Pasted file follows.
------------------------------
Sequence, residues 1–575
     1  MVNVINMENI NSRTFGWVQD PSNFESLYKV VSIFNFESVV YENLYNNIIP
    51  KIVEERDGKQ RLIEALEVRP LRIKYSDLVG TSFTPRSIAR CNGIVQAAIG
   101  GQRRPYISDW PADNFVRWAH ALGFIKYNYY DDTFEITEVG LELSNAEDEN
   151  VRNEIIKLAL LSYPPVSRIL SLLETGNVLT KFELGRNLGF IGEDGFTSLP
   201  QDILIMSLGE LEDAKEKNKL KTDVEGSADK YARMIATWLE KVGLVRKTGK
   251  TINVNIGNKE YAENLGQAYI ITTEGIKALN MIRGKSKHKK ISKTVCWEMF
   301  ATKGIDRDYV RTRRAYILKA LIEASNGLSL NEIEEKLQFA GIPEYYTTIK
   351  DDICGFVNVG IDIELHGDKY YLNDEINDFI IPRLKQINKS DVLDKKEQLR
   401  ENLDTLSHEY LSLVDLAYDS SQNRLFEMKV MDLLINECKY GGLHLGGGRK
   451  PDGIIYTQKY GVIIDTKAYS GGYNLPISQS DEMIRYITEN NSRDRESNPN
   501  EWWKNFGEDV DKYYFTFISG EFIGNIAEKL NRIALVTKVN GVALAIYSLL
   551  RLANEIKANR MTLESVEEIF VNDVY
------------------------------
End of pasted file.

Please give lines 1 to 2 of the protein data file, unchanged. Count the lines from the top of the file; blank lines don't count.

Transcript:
Sequence, residues 1–575
     1  MVNVINMENI NSRTFGWVQD PSNFESLYKV VSIFNFESVV YENLYNNIIP